Top
 Profile  
 
 Post subject: !!
PostPosted: Fri Feb 17, 2006 4:59 pm 
Offline

Joined: Wed May 04, 2005 4:11 pm
Posts: 35
Hey Mario, I agree with Jono about leashless being a bit of an ego thing. The big advatntage to leashes (Besides dropping the tools) is that it allows for resting.

Climbing leashless can be very pumpy on the forearms (I haven't tried leashless yet). A lot of climbers prefer leashless climbing though because of the flexability it offers. The process of leading with leashes is you get to secure axe placements you then drape the leash over the tool to easily release your wrist. (The axe remains hanging free in the ice). you get a screw place it in, hang quick draw and rope. You then put you hand back through the leash and carry on climbing.

The jhb section of the mcsa is http://jhb.mcsa.org.za contact Uschi between 8-10am if you are interested in Joining you could easily join by June/July. The MCSA has a set of about 8 black diamond Ice Tools and Crampons for its members and Lofty usualy holds a beginners meet either at Giants Castle (Great Climbing ... HARD hike). Or at Oxbow Lesotho (5 min walk to ice).

Hector ... I heard some interesting stories of you and lofty doing a multi pitch boozed in the middle of the night. Care to share ?


Top
 Profile  
 
 Post subject:
PostPosted: Mon Feb 20, 2006 8:30 am 
Offline

Joined: Mon May 23, 2005 5:30 pm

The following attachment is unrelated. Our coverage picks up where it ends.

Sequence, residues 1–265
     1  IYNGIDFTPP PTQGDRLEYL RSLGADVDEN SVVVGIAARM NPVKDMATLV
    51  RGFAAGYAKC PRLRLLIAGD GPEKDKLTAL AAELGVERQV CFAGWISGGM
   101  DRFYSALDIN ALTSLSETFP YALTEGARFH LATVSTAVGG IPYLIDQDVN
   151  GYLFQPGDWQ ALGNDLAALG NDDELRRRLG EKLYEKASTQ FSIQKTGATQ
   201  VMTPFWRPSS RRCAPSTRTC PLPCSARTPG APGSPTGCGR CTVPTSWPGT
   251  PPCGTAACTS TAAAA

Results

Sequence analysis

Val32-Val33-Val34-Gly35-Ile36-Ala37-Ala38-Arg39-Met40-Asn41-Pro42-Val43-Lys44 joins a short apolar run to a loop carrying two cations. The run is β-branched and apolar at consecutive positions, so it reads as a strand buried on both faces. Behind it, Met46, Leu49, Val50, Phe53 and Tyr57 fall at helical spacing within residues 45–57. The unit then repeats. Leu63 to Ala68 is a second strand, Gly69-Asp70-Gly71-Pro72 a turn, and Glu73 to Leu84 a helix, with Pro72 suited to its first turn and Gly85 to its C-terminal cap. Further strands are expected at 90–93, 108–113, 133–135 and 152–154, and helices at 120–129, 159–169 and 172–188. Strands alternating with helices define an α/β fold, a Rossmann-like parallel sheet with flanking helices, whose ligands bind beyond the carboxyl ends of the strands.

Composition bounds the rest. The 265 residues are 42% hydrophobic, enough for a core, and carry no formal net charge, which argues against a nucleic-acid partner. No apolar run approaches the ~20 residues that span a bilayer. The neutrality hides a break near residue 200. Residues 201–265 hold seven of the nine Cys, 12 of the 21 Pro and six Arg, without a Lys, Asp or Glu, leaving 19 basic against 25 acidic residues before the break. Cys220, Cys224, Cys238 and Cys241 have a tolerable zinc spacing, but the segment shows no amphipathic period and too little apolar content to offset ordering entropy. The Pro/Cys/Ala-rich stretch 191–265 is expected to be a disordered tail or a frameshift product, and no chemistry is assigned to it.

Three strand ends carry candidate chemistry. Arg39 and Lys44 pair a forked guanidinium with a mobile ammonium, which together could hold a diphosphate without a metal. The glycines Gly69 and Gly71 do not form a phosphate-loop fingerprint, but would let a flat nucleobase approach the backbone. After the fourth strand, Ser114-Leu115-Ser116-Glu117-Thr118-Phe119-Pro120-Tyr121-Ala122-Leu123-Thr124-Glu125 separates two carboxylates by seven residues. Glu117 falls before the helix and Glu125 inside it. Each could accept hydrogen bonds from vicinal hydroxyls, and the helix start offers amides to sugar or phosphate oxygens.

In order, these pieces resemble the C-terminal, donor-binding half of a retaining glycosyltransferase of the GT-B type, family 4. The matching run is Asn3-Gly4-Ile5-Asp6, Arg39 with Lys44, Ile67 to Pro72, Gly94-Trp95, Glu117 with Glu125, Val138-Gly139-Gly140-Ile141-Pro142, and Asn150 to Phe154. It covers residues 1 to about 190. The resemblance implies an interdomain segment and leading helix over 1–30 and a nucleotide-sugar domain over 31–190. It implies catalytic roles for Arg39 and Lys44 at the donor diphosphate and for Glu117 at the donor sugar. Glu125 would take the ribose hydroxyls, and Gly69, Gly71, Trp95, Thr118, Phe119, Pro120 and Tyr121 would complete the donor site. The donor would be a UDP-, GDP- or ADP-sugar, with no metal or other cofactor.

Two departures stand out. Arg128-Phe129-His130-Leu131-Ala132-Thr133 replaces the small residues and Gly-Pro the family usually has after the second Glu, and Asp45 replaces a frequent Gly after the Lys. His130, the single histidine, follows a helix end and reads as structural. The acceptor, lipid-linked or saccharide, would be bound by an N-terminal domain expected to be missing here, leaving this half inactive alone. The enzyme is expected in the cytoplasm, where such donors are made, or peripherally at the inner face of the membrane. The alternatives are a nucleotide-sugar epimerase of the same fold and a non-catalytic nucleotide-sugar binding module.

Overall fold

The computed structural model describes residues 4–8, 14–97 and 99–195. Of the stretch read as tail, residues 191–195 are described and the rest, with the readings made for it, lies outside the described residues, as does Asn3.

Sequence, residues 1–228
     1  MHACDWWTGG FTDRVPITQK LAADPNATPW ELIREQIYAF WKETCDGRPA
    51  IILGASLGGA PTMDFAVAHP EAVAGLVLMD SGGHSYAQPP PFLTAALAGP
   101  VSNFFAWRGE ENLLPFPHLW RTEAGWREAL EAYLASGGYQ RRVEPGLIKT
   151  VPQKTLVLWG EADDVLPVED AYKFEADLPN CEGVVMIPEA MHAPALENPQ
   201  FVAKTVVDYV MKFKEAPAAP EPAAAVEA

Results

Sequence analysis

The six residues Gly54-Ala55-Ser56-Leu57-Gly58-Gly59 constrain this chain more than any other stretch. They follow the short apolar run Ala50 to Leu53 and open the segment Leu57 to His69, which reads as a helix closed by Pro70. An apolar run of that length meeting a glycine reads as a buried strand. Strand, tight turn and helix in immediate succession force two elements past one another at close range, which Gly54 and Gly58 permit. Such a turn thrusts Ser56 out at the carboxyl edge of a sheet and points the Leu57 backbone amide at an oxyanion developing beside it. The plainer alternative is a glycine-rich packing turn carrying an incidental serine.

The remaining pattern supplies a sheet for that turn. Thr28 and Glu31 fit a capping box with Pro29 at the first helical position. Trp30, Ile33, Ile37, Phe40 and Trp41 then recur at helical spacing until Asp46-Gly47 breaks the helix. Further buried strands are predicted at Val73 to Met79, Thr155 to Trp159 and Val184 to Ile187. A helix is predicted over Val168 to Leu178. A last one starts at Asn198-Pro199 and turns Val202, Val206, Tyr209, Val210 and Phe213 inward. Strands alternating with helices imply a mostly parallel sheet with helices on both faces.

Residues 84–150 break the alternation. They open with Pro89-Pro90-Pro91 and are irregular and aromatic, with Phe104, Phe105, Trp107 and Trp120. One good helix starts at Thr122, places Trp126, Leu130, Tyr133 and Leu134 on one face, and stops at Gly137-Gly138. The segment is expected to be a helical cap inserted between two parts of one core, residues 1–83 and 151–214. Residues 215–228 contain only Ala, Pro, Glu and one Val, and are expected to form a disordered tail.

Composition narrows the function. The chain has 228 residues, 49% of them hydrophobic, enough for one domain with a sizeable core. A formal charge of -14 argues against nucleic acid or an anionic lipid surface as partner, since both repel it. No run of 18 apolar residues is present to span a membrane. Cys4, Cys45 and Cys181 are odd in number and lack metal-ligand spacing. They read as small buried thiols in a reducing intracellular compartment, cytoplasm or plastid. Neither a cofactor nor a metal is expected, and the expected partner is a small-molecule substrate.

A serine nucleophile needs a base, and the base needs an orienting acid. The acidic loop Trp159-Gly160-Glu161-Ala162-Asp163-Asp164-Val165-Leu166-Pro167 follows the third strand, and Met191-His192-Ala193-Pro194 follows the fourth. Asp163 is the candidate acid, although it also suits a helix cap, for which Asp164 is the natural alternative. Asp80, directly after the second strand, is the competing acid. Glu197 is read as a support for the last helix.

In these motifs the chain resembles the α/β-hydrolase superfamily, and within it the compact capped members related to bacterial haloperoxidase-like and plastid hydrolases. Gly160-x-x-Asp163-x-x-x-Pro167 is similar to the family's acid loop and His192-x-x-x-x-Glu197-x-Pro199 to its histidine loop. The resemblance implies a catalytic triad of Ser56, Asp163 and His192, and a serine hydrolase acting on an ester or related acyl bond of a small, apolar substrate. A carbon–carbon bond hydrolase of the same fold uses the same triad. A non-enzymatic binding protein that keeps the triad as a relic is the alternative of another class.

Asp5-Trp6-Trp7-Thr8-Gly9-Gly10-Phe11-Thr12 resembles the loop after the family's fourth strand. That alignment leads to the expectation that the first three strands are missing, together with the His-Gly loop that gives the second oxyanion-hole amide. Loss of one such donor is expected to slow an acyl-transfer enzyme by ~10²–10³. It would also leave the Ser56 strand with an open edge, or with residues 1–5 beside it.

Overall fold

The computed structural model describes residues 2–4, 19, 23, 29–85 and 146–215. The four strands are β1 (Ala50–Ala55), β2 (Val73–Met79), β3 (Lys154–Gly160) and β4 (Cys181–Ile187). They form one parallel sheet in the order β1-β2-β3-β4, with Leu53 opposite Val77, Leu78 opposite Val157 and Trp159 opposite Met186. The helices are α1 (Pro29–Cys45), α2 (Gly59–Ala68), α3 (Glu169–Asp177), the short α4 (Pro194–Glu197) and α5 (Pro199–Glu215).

Posts: 375
Location: Cape Town
Real Name: Jonathan Joseph
Yo Hector! Can see the point (and thrill) of going leashless on single pitch \"sport\" mixed routes, but eish... on big multipitch, or apline-style mountain routes - that, to me, is really like climbing to prove who's got the bigger balls (and in a way, who's prepared to abandon a dream, for a silly drop), and not climbing for climbing's sake.

I searched on Petzl's website, and browsed through their catalogue, but couldn't find the quick release system that attaches the ice axe directly to a specialized glove (not a leash as such), I had mentioned in my earlier post. Perhaps it's not a Petzl tool. Where-ever I saw it though, and whatever make it is, it made a lot of sense to me. The search goes on.


Top
 Profile  
 
 Post subject: Ice Climbing
PostPosted: Mon Feb 20, 2006 9:18 am 
Offline

Joined: Wed Aug 03, 2005 1:34 pm
Posts: 9
Location: Cape Town
Gonzo,thanx for the beta bro! I am moving up to Jhb soon so i shall definitely contact Uschi as soon as i get up there!

Cheers to the good life!

_________________
To the good life!


Top
 Profile  
 
 Post subject:
PostPosted: Mon Feb 20, 2006 10:13 am 
Offline

Joined: Mon May 23, 2005 5:30 pm
Posts: 375
Location: Cape Town
Real Name: Jonathan Joseph
Hawu Mario!!!??? What kind my bru'? Why now you move to Jozi ek se'??

Well, if that's the case, definitely hook up with Lofty (Gareth Frost) at the Jhb section. He be da champ.... organised my first ice climb with him - at Giant's Castle. I think they still meet every Wed at the Waverly Girl Guide Hall ...... but sorry for you bru', the girl guides have all gone home by that time!! hahaha
:twisted:


Top
 Profile  
 
 Post subject: Ice Climbing
PostPosted: Mon Feb 20, 2006 12:21 pm 
Offline

Joined: Wed Aug 03, 2005 1:34 pm
Posts: 9
Location: Cape Town
Ja bru,life sure has strange twists and turns! I'll probably do most of my climbing at Boven,Harrismith and of course my Hangboard(get uber strong right there in my lounge!) One arm pull ups and the like! :wink:
Isn't our other friend Garth up there somewhere?

_________________
To the good life!


Top
 Profile  
 
 Post subject:
PostPosted: Mon Feb 20, 2006 1:21 pm 
Offline

Joined: Mon Jan 16, 2006 8:21 pm
Posts: 354